Janus v. AFSCME will soon decide the constitutional fate of fair-share fees for public sector unions. These fees support unions’ collective bargaining work on behalf of employees they are legally required to represent but who are not union members. Most prognosticators expect the Supreme Court to hand the National Right to Work Legal Defense Foundation (NRTWLDF) a win on its claim that such fees violate the First Amendment rights of non-union workers. Yet, as I develop further below, the history that led to Janus offers three thin rays of hope to the labor movement.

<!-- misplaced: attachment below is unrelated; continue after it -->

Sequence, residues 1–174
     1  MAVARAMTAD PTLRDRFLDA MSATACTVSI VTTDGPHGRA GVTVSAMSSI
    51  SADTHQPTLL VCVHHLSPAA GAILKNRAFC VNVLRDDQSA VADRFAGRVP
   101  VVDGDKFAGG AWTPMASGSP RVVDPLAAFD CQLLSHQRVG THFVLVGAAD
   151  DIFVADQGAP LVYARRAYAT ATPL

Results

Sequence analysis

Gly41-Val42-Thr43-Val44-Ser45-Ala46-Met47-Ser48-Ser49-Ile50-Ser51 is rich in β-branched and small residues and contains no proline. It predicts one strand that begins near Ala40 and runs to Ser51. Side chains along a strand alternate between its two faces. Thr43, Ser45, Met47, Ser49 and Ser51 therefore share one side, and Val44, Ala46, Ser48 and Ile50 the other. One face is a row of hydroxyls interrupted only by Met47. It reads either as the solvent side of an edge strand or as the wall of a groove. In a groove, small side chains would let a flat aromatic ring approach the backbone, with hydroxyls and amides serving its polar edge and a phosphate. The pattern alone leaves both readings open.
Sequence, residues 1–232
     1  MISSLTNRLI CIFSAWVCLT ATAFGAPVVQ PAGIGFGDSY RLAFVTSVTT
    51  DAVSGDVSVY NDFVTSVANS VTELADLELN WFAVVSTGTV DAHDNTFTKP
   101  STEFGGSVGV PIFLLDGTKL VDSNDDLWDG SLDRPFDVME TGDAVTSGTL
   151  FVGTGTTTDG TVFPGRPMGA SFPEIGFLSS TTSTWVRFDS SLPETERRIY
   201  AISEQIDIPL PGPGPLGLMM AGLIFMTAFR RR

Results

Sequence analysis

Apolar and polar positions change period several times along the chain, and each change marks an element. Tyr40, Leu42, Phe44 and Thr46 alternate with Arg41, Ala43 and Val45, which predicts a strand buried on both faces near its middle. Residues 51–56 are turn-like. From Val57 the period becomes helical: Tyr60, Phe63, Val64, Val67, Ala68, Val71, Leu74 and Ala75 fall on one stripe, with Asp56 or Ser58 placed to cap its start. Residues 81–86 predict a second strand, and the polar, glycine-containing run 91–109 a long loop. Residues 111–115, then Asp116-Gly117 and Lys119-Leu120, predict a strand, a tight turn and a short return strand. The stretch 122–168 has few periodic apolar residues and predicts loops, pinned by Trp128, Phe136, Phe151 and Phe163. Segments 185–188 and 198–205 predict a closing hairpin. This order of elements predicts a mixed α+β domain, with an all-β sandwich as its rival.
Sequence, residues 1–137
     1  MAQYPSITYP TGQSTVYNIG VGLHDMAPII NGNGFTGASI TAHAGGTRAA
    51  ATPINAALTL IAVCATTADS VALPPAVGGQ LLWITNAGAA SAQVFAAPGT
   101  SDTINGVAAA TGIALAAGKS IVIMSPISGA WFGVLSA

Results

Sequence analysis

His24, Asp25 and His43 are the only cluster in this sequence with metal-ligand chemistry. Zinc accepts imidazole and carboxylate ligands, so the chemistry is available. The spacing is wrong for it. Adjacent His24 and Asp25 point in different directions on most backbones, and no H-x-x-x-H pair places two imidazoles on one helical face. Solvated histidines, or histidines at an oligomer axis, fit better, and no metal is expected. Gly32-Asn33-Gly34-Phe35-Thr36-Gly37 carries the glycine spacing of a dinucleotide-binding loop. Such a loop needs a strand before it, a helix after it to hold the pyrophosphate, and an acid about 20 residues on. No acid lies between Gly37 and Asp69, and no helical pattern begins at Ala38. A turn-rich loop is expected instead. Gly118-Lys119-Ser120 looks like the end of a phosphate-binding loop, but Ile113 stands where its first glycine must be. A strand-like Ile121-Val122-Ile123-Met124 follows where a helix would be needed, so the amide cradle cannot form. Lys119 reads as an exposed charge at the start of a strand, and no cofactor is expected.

Using History to See the Glass Part Full in Janus v. AFSCME